Drug policy coalition urges US Congress to oppose inclusion of the Stop the Importation and Trafficking of Scheduled Analogues (SITSA) (H.R. 2851/S. 1327) act in the House (H.R. 6) and Senate Opioid Package (S. 2680)

*excerpt from full letter

Those on both sides of the political spectrum recognize the damaging impact that SITSA could have should it pass, and wish to see drug policies that are health-centered … SITSA would give the Jeff Sessions virtually unlimited authority to create new drug crimes that carry lengthy, expensive prison sentences … SITSA would grant the attorney general – an unelected government actor – the ability to schedule drugs without oversight from medical professionals while consequently undermining Congress’ responsibility to create criminal law. 

Deciding what is a crime and how it should be punished is Congress’s duty and should not be delegated to an unelected executive branch official. While the attorney general may currently schedule substances, the power to do so is carefully constrained. Currently, the DOJ must obtain the Department of Health and Human Services’ (HHS) approval for scheduling a drug. This is reasonable, as HHS’s drug experts offer informed and data-driven opinions as to which substances belong on each drug schedule. Under SITSA, the Attorney General would be required to consider HHS comments only before permanently classifying substances. The proposed changes to the scheduling process under SITSA greatly threaten the American principles of balanced powers … SITSA would also overcriminalize synthetic drugs by penalizing individuals who lack any criminal intent. Under SITSA, individuals would face criminal charges and long sentences even if they did not know that they possessed or distributed a particular substance or that the substance had been scheduled, temporarily or permanently.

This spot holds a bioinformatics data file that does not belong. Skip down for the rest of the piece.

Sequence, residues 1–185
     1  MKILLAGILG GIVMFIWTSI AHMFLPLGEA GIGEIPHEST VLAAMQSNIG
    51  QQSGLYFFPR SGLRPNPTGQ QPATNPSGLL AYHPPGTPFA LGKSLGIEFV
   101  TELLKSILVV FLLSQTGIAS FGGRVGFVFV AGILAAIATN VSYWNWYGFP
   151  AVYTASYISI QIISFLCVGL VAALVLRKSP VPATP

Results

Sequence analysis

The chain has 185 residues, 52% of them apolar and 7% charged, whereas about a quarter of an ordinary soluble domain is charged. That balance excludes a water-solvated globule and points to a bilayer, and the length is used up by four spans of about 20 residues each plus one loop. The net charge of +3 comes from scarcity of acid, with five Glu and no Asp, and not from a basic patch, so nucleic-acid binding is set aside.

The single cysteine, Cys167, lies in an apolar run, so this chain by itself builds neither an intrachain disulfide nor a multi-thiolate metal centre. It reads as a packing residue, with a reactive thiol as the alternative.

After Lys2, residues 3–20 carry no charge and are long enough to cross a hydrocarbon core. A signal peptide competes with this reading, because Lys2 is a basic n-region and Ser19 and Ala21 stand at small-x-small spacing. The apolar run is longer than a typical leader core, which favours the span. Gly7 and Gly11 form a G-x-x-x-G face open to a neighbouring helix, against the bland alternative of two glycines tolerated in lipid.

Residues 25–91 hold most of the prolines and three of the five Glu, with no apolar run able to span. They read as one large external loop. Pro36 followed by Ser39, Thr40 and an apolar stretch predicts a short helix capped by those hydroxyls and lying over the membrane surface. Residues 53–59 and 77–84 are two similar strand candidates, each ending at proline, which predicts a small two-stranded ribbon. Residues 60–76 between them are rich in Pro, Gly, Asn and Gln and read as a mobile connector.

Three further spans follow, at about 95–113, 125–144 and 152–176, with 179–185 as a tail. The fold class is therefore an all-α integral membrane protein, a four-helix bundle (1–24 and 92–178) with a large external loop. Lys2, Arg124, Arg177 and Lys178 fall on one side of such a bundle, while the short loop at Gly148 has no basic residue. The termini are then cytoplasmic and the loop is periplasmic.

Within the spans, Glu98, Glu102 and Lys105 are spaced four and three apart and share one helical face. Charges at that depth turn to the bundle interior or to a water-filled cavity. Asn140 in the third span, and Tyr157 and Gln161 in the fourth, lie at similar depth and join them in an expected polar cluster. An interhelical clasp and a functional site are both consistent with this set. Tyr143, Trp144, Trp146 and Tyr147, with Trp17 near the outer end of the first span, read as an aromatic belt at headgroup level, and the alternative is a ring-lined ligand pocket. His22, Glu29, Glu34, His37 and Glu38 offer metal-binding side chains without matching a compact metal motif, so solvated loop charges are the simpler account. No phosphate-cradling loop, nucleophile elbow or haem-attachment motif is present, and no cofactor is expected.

American Civil Liberties Union 
AIDS Action Committee of Massachusetts 
Baltimore Harm Reduction Coalition 
Due Process Institute 
Drug Policy Alliance 
Federal Public and Community Defenders 
Friends Committee on National Legislation 
Human Rights Watch 
Iowa Harm Reduction Coalition 
Justice Strategies 
National Alliance of State and Territorial AIDS Directors 
National Association of Criminal Defense Lawyers 
National Association of Social Workers (NASW) 
National Center for Lesbian Rights 
National Viral Hepatitis Roundtable 
NETWORK Lobby for Catholic Social Justice 
North Carolina Harm Reduction Coalition 
Open Aid Alliance 
Reframe Health and Justice 
R Street Institute 
Safer Foundation 
Students for Sensible Drug Policy 
The Sentencing Project 
Washington Office on Latin America

Original Article (Human Rights Watch):
Oppose Inclusion of SITSA
Artwork Fair Use: Stefano Bolognini

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